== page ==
At the Mortgage Bankers Association’s (MBA) Annual Convention and Expo in Denver this week, several speakers mentioned a milestone that has never happened before and that no one will celebrate: Government-sponsored enterprises (GSEs) Fannie Mae and Freddie Mac entering their tenth year of conservatorship under the U.S. Treasury.
“We’ve been talking about GSE reform for nine years,” David Motley, 2018 chairman of the MBA, said in his general session speech on Monday morning. “The status quo is not sustainable.”
Motley said earlier this year the Washington, D.C.-based association released a white paper detailing its recommended approach to GSE reform. The paper discussed, among other topics, a post-GSE strategy and the role the secondary market can play in advancing an affordable housing strategy. Motley said the White House administration welcomed the information and that the MBA will continue to advocate for these and other related changes in the industry.
Meanwhile, Fannie Mae and Freddie Mac are making some changes related to customer service and other issues in order to adapt to the changing consumer and new technologies. The CEOs of both GSEs spoke about these initiatives during the well-attended conference.
Donald H. Layton, CEO at Freddie Mac, noted that at the conference two years ago, the company unveiled its new logo to reflect its goals of creating a better company and a better housing finance system. Since then, the GSE has been working on improving customer service and updating its technology. “Today, we are revolutionizing our customer focus as a company,” he said. “The GSEs were not known for customer focus pre-conservatorship.”
Layton, who came to Freddie Mac after 30 years with JPMorgan Chase and its predecessors, said the GSE set a goal to be as well-run as the best financial institutions. “We’re working to help you meet challenges, reduce costs, and give you greater certainty that what you sell to us stays with us,” he said. “We have detailed pain points to remove so you can do business with us, so we can serve you as you wish to be served.”
On the technology side, Freddie Mac is making enhancements to Loan Advisor Suite, which it first introduced in 2015. The software has new and upgraded capabilities, Layton said, and more are in the pipeline. Freddie Mac has also expanded its single-family Credit Risk Transfer program and grown its investor base. “The next focus will be on default servicing,” he said. “Stay tuned for that.”
Meanwhile, Fannie Mae has been working on its own tech upgrades. Timothy Mayopoulos, president and CEO of Fannie Mae, said that last year, the GSE announced its Day 1 Certainty program, part of Desktop Underwriter, specifically a DU validation service. The validation system, which uses third-party vendors, obtains validated information about the borrower’s income, assets, and employment information. With Day 1 Certainty, lenders are reporting that they are cutting cycle time by 10 days or more and reducing costs.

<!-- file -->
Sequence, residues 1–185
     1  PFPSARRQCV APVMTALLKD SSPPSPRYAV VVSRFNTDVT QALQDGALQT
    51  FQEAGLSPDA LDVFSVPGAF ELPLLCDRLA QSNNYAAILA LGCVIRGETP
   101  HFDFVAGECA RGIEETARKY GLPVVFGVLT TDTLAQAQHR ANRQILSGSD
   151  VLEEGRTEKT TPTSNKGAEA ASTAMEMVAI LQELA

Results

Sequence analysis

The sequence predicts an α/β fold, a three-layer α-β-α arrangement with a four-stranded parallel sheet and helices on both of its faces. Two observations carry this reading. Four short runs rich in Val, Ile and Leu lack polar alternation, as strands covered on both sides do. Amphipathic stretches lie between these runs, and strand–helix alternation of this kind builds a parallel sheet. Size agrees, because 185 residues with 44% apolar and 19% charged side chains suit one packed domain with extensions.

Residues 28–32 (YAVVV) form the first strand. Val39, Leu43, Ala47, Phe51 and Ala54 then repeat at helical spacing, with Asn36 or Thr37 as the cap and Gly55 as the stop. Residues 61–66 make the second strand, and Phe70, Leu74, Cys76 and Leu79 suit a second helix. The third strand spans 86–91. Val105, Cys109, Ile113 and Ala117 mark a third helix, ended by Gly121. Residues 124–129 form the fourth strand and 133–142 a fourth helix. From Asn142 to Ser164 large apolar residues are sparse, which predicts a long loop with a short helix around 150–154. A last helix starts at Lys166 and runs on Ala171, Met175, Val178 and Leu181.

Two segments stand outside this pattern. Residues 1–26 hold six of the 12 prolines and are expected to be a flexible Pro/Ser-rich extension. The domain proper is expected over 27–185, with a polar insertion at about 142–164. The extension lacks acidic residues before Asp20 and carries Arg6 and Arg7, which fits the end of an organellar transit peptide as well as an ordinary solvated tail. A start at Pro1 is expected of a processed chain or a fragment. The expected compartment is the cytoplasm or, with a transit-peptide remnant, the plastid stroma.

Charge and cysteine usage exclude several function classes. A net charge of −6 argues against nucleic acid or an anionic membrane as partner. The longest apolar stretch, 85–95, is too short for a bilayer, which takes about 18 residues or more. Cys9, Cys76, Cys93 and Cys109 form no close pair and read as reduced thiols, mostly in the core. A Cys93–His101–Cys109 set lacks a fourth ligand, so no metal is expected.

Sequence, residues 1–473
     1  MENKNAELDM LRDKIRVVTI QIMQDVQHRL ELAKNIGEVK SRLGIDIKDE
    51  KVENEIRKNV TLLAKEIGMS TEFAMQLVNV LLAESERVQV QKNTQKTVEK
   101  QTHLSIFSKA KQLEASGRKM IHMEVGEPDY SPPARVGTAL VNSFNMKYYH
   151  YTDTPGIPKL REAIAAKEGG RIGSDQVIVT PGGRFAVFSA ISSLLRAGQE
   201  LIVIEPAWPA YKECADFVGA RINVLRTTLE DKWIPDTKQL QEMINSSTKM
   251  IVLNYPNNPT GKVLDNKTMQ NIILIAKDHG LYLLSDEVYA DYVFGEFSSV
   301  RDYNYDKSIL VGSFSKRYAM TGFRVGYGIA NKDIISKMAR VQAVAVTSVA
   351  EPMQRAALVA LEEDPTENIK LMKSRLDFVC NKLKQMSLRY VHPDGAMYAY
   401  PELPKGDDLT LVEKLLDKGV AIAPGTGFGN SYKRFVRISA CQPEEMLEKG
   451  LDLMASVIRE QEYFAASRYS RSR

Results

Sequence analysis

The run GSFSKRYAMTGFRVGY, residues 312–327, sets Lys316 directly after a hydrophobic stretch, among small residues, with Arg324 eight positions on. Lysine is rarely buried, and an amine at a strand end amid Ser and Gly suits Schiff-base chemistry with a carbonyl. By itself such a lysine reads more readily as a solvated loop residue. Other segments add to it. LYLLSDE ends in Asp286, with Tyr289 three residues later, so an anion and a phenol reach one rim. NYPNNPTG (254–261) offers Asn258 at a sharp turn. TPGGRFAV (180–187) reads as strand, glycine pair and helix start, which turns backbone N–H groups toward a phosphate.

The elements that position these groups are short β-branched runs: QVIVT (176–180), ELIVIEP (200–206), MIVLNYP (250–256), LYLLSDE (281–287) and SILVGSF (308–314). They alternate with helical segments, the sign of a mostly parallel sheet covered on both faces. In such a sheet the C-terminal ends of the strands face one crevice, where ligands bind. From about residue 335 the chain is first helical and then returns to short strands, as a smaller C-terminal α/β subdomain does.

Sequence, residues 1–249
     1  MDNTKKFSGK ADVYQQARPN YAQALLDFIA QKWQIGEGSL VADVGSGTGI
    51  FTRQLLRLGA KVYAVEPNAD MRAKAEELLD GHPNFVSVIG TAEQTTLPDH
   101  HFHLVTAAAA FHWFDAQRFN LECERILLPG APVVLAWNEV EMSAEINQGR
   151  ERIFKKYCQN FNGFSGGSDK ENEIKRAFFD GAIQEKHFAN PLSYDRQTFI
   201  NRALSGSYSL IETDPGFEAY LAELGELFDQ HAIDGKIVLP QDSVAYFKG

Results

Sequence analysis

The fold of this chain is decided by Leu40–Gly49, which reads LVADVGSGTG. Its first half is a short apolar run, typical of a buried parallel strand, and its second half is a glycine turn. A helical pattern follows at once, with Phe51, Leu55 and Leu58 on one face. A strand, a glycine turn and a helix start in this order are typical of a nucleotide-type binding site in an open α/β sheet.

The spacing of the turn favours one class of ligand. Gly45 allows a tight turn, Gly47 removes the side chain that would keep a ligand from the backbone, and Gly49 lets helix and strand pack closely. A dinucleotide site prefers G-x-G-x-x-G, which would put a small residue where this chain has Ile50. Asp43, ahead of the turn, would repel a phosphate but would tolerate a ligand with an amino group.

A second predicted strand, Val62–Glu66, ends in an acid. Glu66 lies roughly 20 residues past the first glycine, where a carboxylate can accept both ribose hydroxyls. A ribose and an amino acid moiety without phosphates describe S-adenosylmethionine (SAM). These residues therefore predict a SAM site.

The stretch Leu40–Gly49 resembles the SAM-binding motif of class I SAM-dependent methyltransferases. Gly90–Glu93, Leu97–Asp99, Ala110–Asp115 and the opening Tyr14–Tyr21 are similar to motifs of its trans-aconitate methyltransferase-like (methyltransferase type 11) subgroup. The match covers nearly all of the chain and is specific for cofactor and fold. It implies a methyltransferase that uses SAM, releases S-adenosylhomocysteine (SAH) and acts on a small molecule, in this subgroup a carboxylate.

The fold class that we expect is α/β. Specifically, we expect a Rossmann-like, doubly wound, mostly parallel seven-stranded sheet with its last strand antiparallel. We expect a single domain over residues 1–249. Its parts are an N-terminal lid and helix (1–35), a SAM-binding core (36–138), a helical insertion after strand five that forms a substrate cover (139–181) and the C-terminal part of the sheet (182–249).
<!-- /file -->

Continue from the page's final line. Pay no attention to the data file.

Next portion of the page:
The next step in this evolution, Mayopoulos said, will be single source validation. “You’ll be able to source data from the borrower’s bank account so you see the pay stream and direct deposits,” Mayopoulos said. “Think of all the paper, paystubs, the fax machines that frankly no one owns anymore, and reducing this burden.” The service is in the pilot stage now, and Fannie Mae expects to roll it out in 2018.
Mayopoulos, who joined Fannie Mae shortly after it went into conservatorship, said the second effort that the GSE is working on is an application programming interface, or API, that will enable much faster and simpler lender and third party integrations with Freddie Mac’s software platform. The digital interface will reduce errors and speed the loan origination process, he said. Fannie Mae plans to integrate the API into Desktop Underwriter and this, he said, will yield many new operations efficiencies, including eliminating the need to rekey information and enhancement of DU messages.
Finally, Mayopoulos said in December Fannie Mae will launch a Servicing Marketplace, a sort of loan selling matchmaking product. “If you are a seller, we will provide a marketplace and vice versa,” he said. “There will be less cost and more transparency.” The goal of these three initiatives, he said, is to make the mortgage process faster and easier for everyone.
Nora Caley is a freelance writer based in Denver.